After that surprise success, it would have been hard to fault the 'Shakes for going back to the well that brought them here in the first place. They could have banged out ten new blues-rock retreads, enjoyed their festival headliner status, and watched the money pile up (here’s to you, Mumford & Sons), but they avoid the temptation on second LP Sound & Color. Expanding on the influences that ran through Boys & Girls without ever relinquishing their embrace of them, Brittany Howard and Co. have hit something of a second album sweet spot with a collection of twelve songs unlikely to confound their fans, garner any outright negative reviews, or slow the momentum they’ve earned in the last three years.

The result — frustrating though it may be at times — is largely fantastic. Listening to the foursome branch into unexplored territory is exhilarating, and they waste no time here: the vibraphones that introduce the album’s title track and opener ring with ambition, a neon sign announcing the arrival of a New and Improved Alabama Shakes. Bathing in that warm glow is a sultry neo-soul ballad that eschews a traditional chorus and any hint of a six-string for a melodic call-and-response and swelling strings. Adventurous lead single “Don’t Wanna Fight No More” is disco on downers, with dueling guitars brushing closely enough to start the inferno; Howard’s fervent falsetto crackles over the top like so much smoke.

“Dunes” seems at first to be a return to Southern riff-rock a la breakout “Hold On”, but it ends up sounding like King Crimson giving their best shot at a Lynyrd Skynyrd cover. “Future People” is a hodge-podge of future funk made memorable by a fuzzed out bass that threatens to crush the chorus beneath its weight and pianos that bash away the song’s final seconds like computer controlled instruments. Organ is the glue that holds “Gimme All Your Love” together, providing a rapturous thread to trace through the song’s transformation from spacey ballad to dance-ready rock and back again, Howard’s vocals exploding like a supernova again and again with those four little words.

There’s no denying the role that voice played in making the Shakes a success, and Howard is no less ferocious here. The smack of her lips on “Sound and Color”, the whiny wheeze that begins “Don’t Wanna Fight No More”, the unintelligible shout-along chorus of “Future People”, the bluesy, brilliant phrasing on the verses of “Miss You”, the myriad ways she erupts on that song’s chorus; all of it is inimitable and altogether lovely. But what separates the wheat from the chaff on Sound & Color is the role that Zac Cockrell, Heath Fogg, and Steve Johnson, aka the rest of the band, are allowed to play. Though they serviced the eleven songs of their debut admirably, they could have been Stax Records sit-ins or Muscle Shoals Swampers, and Boys & Girls could have just as easily been filed under “Brittany Howard feat. The Alabama Shakes”. The best tracks on this second album find them stepping out from behind the shadow cast by their extraordinarily talented frontwoman to create the most complex and unique compositions of their career to date.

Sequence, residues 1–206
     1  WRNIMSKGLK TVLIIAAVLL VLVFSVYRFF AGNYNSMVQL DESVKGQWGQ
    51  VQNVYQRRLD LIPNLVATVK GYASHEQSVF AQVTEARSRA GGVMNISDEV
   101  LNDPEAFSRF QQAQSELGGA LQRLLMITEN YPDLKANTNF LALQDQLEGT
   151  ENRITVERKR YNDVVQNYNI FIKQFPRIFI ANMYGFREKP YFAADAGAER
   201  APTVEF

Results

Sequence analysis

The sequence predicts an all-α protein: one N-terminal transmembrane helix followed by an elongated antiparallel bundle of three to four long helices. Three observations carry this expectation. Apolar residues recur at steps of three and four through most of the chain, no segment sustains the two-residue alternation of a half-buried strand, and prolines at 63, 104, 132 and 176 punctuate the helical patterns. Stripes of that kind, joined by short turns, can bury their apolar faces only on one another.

This isn’t the case on every track, unfortunately. “This Feeling”, “Miss You”, and “Shoegaze” form a trio that could have, from the sounds of them, been released as B-sides in 2013 to maintain fan interest and provide a boost to the band’s live sets. “This Feeling” provides an unnecessary mid-album tempo shift that threatens to derail the momentum of the five highlights that precede it; “Miss You” starts as a gentle soul number heavy on the arpeggiated guitar and brushed snare before an explosive chorus that immediately recalls 2012’s “Be Mine”; “Shoegaze” again channels Southern riff-rock, but without any of the psychedelic vigor of the aforementioned “Dunes”.  

Even when the Shakes get weird, they don’t always hit the nail on the head quite as precisely as they do on the album’s opening quintuplet. “The Greatest” begins as a manic garage tribute to The Ramones, but it’s quickly broken open by raked chords and a hi-hat shuffle. Seconds later, it lurches forward again; the band never seem entirely sure where the whole thing is headed or when it will stop, but they’re dead-set on pointing the thing forward and pushing, goddammit. “Gemini” is a slow burn, start to (…six and a half minutes later) finish, a mushroom trip paved with chopped up lyrics and fuzzed out guitars. It’s mostly enjoyable, but that won’t stop you from glancing over at the clock and asking “Dude, how long have we been here?!” It even goes on for an unnecessary thirty extra seconds for good measure.

All this makes for an album that’s difficult to analyze as a whole. While Boys & Girls seemed to crawl out of its creators fully formed, Sound & Color feels like it might require a longer gestation period. It is both brilliant and uneven. It defies expectations without disrupting the status quo. Speaking with The New York Times recently about what it felt like to deviate from the set list the band has been playing for the last four years, Howard had some prescient words: “It reminded me of 2009, when we were getting up onstage together for the first time, and it was scary, and you felt completely vulnerable to the crowd. It was that feeling of: I’m terrified, but I need to do it. I have to do it. ’Cause if I don’t do it, then everything’s gonna stay the same.”